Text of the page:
Durham, New Hampshire, Alcohol Compliance Check Goal is Education Over Court
Two Durham businesses that sell alcohol failed an Alcohol Compliance Check Thursday, but there's a good chance the workers charged will never see the inside of a courtroom.
Durham Police and the New Hampshire Liquor Commission Law Enforcement Division tested the compliance of 18 businesses licensed to sell alcohol by sending a volunteer trained by the Liquor Commission into each location. The volunteer tried to purchase alcohol at each location and was unsuccessful at 16 locations.
The two businesses that failed were Hop & Grind on Madbury Road and Hannaford Supermarket on Mill Road, according to Durham Deputy Police Chief David Holmstock. The failure led to charges of prohibited sales of alcohol for Samantha Beck of Durham and Anthony Ciampo of Hudson, NH.
The intent of the compliance check is not to "get" anyone, but rather make sure both retailers and their workers are following the law and that there are consequences for violations, according to the Deputy Chief. Holmstock added that if police and the Liquor Commission didn't check on businesses, it would be irresponsible.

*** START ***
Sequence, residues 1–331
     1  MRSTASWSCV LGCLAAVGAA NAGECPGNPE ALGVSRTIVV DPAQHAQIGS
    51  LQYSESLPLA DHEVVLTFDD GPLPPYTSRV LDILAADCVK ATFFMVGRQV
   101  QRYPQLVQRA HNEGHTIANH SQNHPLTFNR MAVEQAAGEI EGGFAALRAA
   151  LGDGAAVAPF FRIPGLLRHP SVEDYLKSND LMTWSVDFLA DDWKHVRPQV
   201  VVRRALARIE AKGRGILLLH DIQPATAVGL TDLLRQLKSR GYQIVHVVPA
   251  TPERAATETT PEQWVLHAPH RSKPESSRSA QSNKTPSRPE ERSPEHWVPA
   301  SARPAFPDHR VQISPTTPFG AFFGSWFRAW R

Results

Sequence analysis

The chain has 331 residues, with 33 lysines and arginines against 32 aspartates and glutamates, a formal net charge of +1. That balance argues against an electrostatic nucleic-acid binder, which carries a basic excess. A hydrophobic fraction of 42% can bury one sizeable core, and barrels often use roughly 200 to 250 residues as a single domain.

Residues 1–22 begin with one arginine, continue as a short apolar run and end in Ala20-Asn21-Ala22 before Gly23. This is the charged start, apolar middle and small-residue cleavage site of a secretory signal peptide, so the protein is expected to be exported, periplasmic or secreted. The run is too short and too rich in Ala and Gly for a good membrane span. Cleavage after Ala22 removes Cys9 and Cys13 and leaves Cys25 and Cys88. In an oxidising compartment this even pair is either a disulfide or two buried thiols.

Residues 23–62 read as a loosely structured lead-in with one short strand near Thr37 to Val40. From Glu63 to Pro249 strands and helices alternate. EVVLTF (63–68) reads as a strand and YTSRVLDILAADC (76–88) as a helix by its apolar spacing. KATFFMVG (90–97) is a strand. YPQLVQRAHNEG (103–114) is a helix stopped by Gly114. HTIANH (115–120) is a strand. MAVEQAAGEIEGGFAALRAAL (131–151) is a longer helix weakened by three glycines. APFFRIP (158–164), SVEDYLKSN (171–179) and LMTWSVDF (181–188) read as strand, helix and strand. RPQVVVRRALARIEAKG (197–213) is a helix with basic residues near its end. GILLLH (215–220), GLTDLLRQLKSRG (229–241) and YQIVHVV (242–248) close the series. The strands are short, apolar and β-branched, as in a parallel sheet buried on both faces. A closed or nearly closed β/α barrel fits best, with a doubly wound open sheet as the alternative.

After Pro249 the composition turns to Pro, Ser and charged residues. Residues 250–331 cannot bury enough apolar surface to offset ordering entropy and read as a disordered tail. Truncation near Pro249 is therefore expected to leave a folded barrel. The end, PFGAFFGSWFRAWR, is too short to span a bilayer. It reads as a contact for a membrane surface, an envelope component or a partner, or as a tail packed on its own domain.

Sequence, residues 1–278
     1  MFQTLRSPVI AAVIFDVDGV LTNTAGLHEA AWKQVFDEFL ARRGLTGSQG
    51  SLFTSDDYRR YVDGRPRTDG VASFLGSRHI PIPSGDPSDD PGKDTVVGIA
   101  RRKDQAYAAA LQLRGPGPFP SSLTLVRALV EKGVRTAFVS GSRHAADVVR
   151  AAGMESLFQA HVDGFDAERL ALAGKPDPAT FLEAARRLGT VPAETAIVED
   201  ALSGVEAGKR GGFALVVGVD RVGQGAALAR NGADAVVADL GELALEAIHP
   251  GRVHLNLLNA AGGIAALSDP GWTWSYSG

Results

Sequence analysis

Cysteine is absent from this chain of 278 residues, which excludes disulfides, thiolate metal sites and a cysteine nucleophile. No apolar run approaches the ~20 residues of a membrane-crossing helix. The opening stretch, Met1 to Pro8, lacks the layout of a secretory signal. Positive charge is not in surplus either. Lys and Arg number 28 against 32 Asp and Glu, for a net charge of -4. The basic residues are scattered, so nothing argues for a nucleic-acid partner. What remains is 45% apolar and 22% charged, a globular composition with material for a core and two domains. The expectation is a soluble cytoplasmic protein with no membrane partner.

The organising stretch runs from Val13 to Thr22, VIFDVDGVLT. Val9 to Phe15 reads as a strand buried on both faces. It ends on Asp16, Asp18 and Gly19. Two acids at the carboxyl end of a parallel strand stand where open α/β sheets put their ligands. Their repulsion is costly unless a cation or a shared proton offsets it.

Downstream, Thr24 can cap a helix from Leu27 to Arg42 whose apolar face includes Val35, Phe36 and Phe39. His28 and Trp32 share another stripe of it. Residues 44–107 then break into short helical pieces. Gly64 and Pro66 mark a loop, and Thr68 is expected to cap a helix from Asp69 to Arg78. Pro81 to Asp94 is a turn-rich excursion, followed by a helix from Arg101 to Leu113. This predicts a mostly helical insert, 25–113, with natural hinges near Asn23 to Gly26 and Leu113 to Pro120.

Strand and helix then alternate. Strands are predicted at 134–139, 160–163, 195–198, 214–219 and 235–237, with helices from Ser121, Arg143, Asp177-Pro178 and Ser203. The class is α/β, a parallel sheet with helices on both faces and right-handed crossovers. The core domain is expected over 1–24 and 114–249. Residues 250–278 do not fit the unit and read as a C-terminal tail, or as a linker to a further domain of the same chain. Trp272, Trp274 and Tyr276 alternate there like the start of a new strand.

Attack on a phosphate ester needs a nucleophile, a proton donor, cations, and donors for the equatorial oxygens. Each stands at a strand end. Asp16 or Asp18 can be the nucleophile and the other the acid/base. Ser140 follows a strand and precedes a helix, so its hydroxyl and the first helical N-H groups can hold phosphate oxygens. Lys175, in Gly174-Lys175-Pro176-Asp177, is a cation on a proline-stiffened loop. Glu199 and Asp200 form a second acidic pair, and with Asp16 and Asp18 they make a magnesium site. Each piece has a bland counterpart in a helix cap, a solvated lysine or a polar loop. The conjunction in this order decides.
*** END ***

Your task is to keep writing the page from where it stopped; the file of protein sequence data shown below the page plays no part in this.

"It keeps it in their head that 'hey we need to make sure that our own people are paying attention.' We have a community of a large number young adults that are under the age of 21, and alcohol is a big issue," Holmstock said.
Beck and Ciampo are scheduled for arraignment November 7 in Dover District Court, but their cases will likely not ever make it that far, according to Holmstock.
"Our first goal is to educate if there is a violation," Holmstock said. "If they don't have a record, we'll offer them a course instead of court. There's an educational course that's offered through the New Hampshire State Liquor Commission, and if they complete that course, we won't go through the charges," Holmstock said.
But with so many people buying alcohol, Holmstock said there's a greater chance at a mistake. One of the two individuals charged had passed a previous compliance check.
"They may have just been tired and made a mistake. It's a person who was on duty in the past and had complied previously and pointed out 'hey you're underage.' This time it got by them, and they seemed genuinely concerned when they were told this person was underage," Holmstock said.
Holmstock said it will be up to the Liquor Commission to address the violation by the retailer of selling alcohol to a minor.